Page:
Noosa Getaway!

Sunday, 28 January 2018

Sand between my toes and salt in my hair! May be a year late in going on this holiday but Luke and I finally got here. Loving life and little hats!

Luke and I had planned to go to Noosa in January of 2017, but instead I was having surgery for a biopsy of my tumour - not ideal! After a lot of effort with the airline we finally were able to get a refund for our flights. Our hotel was really helpful and just postponed our trip until we were ready to take it. A year later I was able to go on this little getaway and enjoyed it even more so. 

One year on...

Wednesday, 17 January 2018

Last year I had a very different start to the new year. Today marks exactly one year since I was diagnosed, after going to the doctors for a pesky cold! I couldn't have asked for a better start to 2018 by hearing 'all is well' for my oncologist. Cheers to health, happiness and my 'Mario'!

New Year - Same scans!

Tuesday, 2 January 2018

Kicking off 18' with a PET scan. It was made all the better with fate giving me the 'Bambi' room. Here's hoping and praying for good results. It truly is mind over matter in these situations. I had a bit of a cold and therefore had a 'slightly' tight chest - of course because of this I catastrophised thinking of the worst possible outcome.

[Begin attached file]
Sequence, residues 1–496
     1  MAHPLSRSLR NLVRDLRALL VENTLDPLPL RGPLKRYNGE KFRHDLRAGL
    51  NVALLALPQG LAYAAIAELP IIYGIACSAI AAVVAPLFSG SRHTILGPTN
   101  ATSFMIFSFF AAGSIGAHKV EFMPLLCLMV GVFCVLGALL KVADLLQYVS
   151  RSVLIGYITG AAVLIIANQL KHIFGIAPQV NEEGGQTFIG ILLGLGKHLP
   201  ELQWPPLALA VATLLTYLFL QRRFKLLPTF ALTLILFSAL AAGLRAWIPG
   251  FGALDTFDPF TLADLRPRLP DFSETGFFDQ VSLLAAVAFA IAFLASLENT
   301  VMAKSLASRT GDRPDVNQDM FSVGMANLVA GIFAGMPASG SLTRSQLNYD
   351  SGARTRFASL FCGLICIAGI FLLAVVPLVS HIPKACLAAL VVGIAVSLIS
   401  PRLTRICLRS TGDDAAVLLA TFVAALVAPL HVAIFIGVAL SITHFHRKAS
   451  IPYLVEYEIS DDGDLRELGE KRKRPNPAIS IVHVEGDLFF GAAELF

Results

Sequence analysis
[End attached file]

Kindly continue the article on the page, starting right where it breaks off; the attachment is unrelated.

It's just a check up to see how everything is going - I was given fantastic news late last year that all the tumour and cancer was gone - Yay! But I have a lot of scar tissue left behind (from my type of lymphoma). Due to this they wanted to check everything was a' okay.

It's quite a time consuming process with the whole thing taking about three hours. I first have to have a blood/urine test and then get a canular put in. After this I have to drink a sugary substance and finally get injected with a contrast dye. The actual scan lasts for about 30 minutes with around 12 minutes of this being a CT scan first. I love the fact that they have the radio playing in the room, serves as a great distraction to my anxious thoughts!

UPDATE: Results came back clear - Apparently the scar tissue in my chest has been described as looking like a deflated balloon! 

Light the Night 17'